With dosage, glyphosphate, and cancer in mind…An interesting observation is the fact glyphosphate exposure has increased in California communities but there is not an increase of non-Hodgkin’s lymphoma diagnoses.
Now that we have the evidence and thoroughly discussed cancer as well as the lack of evidence it is caused by glyphosphate in humans, let us discuss how this verdict is harmful and irresponsible in the court system.
People often confuse “courtroom evidence” with “scientific evidence”. The legal concept of evidence is vastly different from scientific evidence in that jury verdicts (as juries are tasked with determining truth) are not bound by strict rigors of science. There is no “peer review” of jury verdicts other than an appeal. If the prosecution in a case does not convince a jury that the defendant is guilty, the jury can claim innocence and nothing can be done otherwise as double jeopardy is not allowed…nor are judges allowed to overthrow acquittals. There is no “peer review” of acquittals involving jury decisions. All lawyers have to do is convince the jury to see their perspective through the “evidence” they present. Evidence carries far different meanings in the legal sense than in the scientific sense. The only “peer review” within the process of jury decision is within the jury on what they think the truth is…and given the vast majority of the US is scientifically illiterate, a science based trial is not going to get a “fair trial”.
The judge who allowed this case to go to trial acted irresponsibly.
The big problem with this verdict is that many in the US will make the assumption that glyphosphate (RoundUp) causes cancer and Monsanto did this on purpose. Regardless of the vast majority of scientific evidence refuting this perspective, the general population is in danger of the bandwagon effect on hopping aboard the GLYPHOSPHATE CAUSES CANCER train and become susceptible to predatory pseudoscience practices. We already have the media to thank for antivaxxers and the consistent rise of measles. Now we have headlines stating a jury said Monsanto is wrong and awarded this man money for his cancer…a jury who does not understand that studies older than 5 years are not really valid, mouse studies are not the same as human studies, 89,000 families were studied with no glyphosphate effects on them, increase in risk factors does not mean confirmed cancer causation, misunderstanding of outlying (rare) statistics versus the general average, probably does not mean YES…etc…this was never going to be a “fair trial” once it got approved to continue through the court system.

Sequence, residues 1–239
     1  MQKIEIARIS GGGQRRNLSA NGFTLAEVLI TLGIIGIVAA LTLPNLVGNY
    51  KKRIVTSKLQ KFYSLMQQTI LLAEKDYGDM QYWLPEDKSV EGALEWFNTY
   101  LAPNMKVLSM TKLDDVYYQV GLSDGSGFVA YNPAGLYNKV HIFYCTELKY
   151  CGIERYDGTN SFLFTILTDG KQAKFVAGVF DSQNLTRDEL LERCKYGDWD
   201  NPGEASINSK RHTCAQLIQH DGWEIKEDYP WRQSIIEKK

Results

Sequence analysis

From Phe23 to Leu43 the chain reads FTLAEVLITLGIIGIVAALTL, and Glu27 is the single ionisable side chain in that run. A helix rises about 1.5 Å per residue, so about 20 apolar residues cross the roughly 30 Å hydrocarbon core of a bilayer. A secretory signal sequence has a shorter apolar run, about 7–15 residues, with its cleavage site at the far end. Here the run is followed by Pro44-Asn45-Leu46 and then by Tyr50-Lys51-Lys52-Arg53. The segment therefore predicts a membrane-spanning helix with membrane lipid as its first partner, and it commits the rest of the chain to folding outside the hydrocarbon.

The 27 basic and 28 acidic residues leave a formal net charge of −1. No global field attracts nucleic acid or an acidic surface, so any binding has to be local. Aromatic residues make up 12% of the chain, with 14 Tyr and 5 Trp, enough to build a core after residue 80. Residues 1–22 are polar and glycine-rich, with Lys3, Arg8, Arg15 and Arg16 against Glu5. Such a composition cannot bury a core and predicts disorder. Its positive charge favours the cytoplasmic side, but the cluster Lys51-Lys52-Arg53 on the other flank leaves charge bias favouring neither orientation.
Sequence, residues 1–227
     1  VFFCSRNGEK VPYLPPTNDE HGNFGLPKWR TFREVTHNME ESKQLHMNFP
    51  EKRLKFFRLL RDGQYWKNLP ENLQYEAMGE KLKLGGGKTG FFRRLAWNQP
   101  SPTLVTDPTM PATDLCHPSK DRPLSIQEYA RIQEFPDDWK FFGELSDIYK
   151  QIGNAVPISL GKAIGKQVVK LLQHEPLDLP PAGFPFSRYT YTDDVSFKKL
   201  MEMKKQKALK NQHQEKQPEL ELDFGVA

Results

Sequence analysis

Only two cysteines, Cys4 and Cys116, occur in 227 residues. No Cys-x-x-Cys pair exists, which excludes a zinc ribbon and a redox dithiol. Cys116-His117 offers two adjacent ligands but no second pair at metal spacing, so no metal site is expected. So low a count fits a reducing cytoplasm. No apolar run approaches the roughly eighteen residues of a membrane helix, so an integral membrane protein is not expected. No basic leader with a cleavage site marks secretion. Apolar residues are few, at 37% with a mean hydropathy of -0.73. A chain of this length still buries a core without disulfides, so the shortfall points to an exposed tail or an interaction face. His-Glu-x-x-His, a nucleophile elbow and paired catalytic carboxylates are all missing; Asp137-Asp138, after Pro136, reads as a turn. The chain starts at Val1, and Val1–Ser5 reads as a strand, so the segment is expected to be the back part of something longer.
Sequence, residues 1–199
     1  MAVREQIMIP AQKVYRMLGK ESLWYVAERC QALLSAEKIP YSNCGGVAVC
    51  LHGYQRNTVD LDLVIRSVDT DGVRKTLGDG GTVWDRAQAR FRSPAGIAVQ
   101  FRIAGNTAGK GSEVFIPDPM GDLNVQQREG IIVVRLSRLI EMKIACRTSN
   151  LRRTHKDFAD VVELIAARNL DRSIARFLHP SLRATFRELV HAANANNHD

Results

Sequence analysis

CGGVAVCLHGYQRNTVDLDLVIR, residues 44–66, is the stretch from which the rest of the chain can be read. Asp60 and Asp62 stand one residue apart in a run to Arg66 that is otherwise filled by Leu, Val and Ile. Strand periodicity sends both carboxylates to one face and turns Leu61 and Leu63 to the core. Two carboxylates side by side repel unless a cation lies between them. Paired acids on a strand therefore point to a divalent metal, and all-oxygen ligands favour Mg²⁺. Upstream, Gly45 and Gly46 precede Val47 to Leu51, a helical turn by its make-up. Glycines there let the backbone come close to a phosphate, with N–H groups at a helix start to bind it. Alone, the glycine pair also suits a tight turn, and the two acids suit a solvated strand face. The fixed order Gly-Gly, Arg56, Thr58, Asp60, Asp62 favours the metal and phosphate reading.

We already have pseudoscience pushing groups on the GLYPHOSPHATE IS IN CEREAL OMG bandwagon utilizing scare tactics to push their agenda. There was no “peer review” with the report that was published by The Environmental Working Group who carries a “sciencey sounding name of authority” but does not actually use science to make their points. This is one of many examples to come because of this verdict.
America is scientifically illiterate and gets the majority of their science education from the news. The news plays a role in promoting bad science without fleshing out the actual science to teach the public about WHY the jury verdict is not necessarily the truth as it is not held to the same standards as scientific conclusions widely accepted in the community that has withstood multiple attempts to disprove it.
Mr. Johnson did not have to prove Roundup caused his cancer. He only needed to convince a jury that it maybe played a role if perhaps he had chosen a different line of work. It is far more likely that he would have developed this cancer anyway as there is no real way to prevent Non-Hodgkin’s Lymphoma as most people have no real risk factors that can be changed.
I leave you with Robert Frost…A jury is 12 persons who gets to decide who has the better lawyer.
Educate yourself. Accept all evidence…even if it is evidence you do not like.
Thank you for reading,
Edit: I am adding this statement as I want it understood that I think Mr. Johnson’s development of cancer is very sad and unfortunate. Having performed cancer research, I have sympathy for people who suffer from cancer. The above piece I wrote is focused on facts and not feelings. We can not place blame on things that have not caused our illness. My deepest sympathies go to Mr. Johnson and his family. Cancer is one of the worst biological betrayals our bodies can do to us.